By Valentina Za
MILAN (Reuters) – Italy’s Banca Carige <CRGI.MI> has discussed with European Central Bank supervisors the rejection of a cash call needed to safeguard the troubled Italian lender’s future, a source familiar with the matter said on Monday.
The fate of the Genoa-based bank is in question after its biggest investor, the Malacalza family, blocked approval for a 400 million euro (359.36 million pounds) new share issue at a shareholder meeting on Saturday.
Carige said on Sunday CEO Fabio Innocenzi and Chairman Piero Modiano would discuss the outcome of the meeting with the authorities.
The source said the discussion had taken place without giving any details of its content.
Italy’s 10th largest bank is under the direct oversight of the ECB.
A spokesman for Banca Carige declined to comment.
Modiano and Innocenzi, a former UBS banker, took over in September after the Malacalzas pushed out a third chief executive in as many years.
The family of local entrepreneurs has invested more than 400 million euros in Carige since 2015 to build a 27.6 percent stake which was worth just 25 million euros at Friday’s market price.
A representative for the family’s holding company told Saturday’s meeting they did not oppose a new recapitalisation but needed more details first on the bank’s new business plan, merger options and any potential new losses or capital demands from the regulator.
The ECB will set a new capital threshold for 2019 for Carige, as for other lenders, early next year.
Governance problems have compounded Carige’s troubles, which stem from decades of mismanagement and an excessive exposure to the suffering local economy.
Following the rejection, directors Lucrezia Reichlin and Raffaele Mincione resigned from the board.
The bank said on Sunday the board remained committed to protecting the interests of customers and shareholders.
Carige has raised 2.2 billion euros from investors in three share issues since 2014.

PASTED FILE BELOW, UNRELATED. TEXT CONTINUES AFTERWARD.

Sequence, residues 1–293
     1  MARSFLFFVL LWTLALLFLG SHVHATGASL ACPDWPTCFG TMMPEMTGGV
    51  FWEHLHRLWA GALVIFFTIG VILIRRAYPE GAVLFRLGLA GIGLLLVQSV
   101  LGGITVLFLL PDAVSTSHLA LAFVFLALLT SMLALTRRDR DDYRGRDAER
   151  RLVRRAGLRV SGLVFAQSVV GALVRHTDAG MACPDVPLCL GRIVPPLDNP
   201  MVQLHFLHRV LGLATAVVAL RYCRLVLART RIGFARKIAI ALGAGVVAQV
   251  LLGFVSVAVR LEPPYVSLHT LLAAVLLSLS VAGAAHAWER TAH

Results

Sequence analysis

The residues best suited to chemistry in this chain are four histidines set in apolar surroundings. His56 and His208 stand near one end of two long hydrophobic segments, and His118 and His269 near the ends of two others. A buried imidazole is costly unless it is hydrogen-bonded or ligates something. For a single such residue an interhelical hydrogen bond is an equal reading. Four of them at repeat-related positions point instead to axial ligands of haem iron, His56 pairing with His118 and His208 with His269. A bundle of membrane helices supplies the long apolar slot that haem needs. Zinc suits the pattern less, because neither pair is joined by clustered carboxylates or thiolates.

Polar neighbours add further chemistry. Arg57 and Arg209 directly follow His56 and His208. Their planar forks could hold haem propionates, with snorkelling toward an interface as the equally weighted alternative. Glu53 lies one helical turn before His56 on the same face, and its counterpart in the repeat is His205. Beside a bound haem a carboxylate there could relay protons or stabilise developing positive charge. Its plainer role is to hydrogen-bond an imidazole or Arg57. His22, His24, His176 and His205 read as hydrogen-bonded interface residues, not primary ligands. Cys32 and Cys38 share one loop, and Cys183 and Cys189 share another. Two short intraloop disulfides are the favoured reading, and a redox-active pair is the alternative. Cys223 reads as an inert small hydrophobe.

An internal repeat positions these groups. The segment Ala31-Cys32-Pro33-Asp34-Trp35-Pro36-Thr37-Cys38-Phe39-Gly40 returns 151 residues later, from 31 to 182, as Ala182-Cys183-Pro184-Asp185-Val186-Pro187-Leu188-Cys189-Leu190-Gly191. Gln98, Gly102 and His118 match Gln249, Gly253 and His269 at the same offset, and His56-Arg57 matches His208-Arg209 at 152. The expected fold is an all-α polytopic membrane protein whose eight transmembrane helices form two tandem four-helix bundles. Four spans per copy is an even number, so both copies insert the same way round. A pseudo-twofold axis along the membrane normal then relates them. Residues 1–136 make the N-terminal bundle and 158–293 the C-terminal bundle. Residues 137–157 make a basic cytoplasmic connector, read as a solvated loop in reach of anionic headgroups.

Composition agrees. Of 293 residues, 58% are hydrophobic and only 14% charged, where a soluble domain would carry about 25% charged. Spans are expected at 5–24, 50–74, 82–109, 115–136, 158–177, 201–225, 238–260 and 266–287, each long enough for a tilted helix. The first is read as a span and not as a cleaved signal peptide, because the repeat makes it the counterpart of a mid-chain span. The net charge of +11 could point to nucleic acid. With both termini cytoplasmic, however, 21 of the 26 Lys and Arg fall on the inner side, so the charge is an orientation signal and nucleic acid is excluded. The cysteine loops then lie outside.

The latest stock issue was meant to allow Carige to convert into equity a 320 million euro subordinated bond it sold to other Italian lenders last month as part of an industry-financed rescue plan.
Italian banks were keen to stave off a crisis at a time when market pressure is already intense due to a spike in borrowing costs under a populist government.
Carige’s failure to issue the bond on the market earlier this year meant it was in breach of regulatory requirements over its second-tier capital.
The conversion would have helped Carige beef up its core capital ratio, which stood at 10.8 percent at the end of September – above a minimum requirement of 9.63 percent set by the ECB but below the ECB’s suggested level of 11.18 percent.
Under the terms of the bond the bank’s supervisors have the power to decide its conversion into equity.
The reaction of depositors and investors after Christmas will be key for any regulatory decision on Carige. The bank suffered a large deposit flight a year ago when it almost failed to secure backing for its latest cash call.
On Friday, the ECB gave Carige until the end of 2019 to durably meet its requirements, urging the lender to complete the capital strengthening and actively seek a merger partner.
Carige, which lost 1.3 billion euros from 2014 to 2017 mainly due to bad loans, posted a 189 million euro loss for the first nine months after its new management booked 219 million euros in loan writedowns following an ECB audit.
(Reporting by Valentina Za; Editing by Adrian Croft and Kirsten Donovan)